We pulled the anchor and headed up the bay, above the Bay Bridge-Tunnel, looking for cobia. For the first two hours, the fish seemed to be following the same playbook as the previous day. We would spot a fish on the surface and throw a live eel or bucktail in its direction, then watch it fade from sight below the surface.
As the wind began to pick up in the afternoon, we headed back toward the Bay Bridge-Tunnel for some shelter, and it was there that our persistence finally paid off. A 50-plus-inch cobia decided he was hungry for a live eel and the fight was on. As with the fish from the previous day, after a blistering initial run, this one slid across the surface until the boat came into view, then dug straight for the bottom. Before that fish was even caught, another one came into view, but as soon as the eel hit the water, we were on again. After boating the second fish, Tyler was just as excited to examine the stomach contents as he was to catch fish. With the afternoon breeze continuing to pick up, we worked our way back toward the dock without spotting any more fish.
With our cooler packed with fillets for the ride home to New Jersey and several new species checked off our lists, it was a trip to remember. I began the drive feeling quite relieved that I didn’t have a 24-hour trip ahead of me, and that I could listen to podcasts at a reasonable speed for the duration.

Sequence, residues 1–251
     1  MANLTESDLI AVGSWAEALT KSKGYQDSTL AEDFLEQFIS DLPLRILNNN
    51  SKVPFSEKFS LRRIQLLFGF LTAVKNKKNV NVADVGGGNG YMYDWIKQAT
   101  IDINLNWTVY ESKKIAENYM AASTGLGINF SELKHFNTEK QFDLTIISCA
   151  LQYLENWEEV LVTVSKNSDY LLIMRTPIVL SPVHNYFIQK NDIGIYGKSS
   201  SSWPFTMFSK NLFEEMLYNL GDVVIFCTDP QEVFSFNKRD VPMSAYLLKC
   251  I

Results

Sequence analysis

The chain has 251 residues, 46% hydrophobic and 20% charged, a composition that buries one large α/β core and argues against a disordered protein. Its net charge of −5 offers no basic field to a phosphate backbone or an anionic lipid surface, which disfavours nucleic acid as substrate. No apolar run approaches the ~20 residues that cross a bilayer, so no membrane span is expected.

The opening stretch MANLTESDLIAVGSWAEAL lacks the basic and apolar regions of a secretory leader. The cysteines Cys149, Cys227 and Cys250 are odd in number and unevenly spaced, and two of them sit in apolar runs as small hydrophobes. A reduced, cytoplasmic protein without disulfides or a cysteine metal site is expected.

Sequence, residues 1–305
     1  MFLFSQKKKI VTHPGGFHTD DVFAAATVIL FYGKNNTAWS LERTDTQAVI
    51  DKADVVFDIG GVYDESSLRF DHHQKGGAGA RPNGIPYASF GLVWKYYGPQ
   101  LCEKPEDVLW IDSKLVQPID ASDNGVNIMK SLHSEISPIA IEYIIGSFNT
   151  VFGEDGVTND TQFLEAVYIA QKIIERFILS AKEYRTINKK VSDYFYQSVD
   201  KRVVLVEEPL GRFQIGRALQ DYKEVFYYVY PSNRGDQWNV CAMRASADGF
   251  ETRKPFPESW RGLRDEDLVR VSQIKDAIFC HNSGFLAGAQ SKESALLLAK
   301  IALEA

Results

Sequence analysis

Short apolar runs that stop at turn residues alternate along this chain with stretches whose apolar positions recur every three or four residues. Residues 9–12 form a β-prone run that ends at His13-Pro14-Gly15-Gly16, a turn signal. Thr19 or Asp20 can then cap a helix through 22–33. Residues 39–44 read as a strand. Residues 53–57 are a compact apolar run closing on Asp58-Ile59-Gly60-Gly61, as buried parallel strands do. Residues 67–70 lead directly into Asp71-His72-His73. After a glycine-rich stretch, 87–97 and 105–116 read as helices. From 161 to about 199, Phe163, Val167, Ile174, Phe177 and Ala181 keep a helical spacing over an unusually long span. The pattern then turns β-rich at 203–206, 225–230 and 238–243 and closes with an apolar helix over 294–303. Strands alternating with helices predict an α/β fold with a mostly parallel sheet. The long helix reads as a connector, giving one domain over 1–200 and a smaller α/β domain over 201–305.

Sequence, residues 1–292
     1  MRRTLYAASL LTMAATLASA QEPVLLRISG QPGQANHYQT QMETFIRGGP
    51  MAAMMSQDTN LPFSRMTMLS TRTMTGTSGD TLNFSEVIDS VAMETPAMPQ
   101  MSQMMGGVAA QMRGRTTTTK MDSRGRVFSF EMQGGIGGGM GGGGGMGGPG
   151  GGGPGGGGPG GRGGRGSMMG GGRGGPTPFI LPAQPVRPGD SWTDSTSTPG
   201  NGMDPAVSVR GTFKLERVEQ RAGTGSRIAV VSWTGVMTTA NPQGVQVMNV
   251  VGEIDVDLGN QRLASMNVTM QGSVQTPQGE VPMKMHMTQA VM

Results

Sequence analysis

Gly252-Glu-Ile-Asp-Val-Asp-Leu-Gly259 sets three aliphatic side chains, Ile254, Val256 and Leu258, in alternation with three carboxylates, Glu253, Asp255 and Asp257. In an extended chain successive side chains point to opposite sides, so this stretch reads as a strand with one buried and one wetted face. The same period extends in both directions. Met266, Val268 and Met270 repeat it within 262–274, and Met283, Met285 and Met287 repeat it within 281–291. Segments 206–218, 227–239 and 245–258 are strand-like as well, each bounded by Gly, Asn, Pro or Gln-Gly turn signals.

Cobia Creeping North
Southern species are becoming a regular occurrence in Northeast waters each summer and fall, and cobia are among them. East Coast cobia are historically found from Florida north to Chesapeake Bay, but recent research finds that they will likely become a reliable summer migrant to waters off the coast of New Jersey—and even as far north as southern New England—in coming decades. During the summer of 2022, anglers got a preview of this fishery when fishermen from western Long Island and northern New Jersey successfully targeted cobia while water temperatures were at their seasonal peak. These fish were reported as far north as Fall River, Massachusetts, where a striper angler fishing a chunk of menhaden off a bridge caught a 26-pounder in late June.
After a tagging study of 60 cobia from 2016 to 2018 to determine the species’ preferred habitat and conditions, researchers predicted that during the cold winter months, cobia are likely to maintain their current distribution from North Carolina south, but they expect to see a gradual northward creep in their typical summer range, with pockets of suitable habitat cropping up as far north as Cape Cod. About 40 years from now, their model predicts that waters off New Jersey’s coast will make up about 35 percent of the cobia’s suitable summer habitat. Connecticut and New York will comprise another 10 percent, meaning that nearly half of suitable habitat could be north of New Jersey during the summer. In the Northeast, the model predicted that cobia could be distributed from the shoreline to the Gulf Stream, meaning an encounter while tossing an eel from the beach, bouncing a fluke rig, or trolling a spreader bar for tuna are all possible.
Story Source: Crear D.P., Watkins, B.E., Saba V.S., Graves, J.E., Jensen D.R., Hobday A.J., and K.C. Weng. 2020. Contemporary and future distributions of cobia, Rachycentron canadum. Biodiversity Research.
This article was originally published by Onthewater.com. Read the original article here.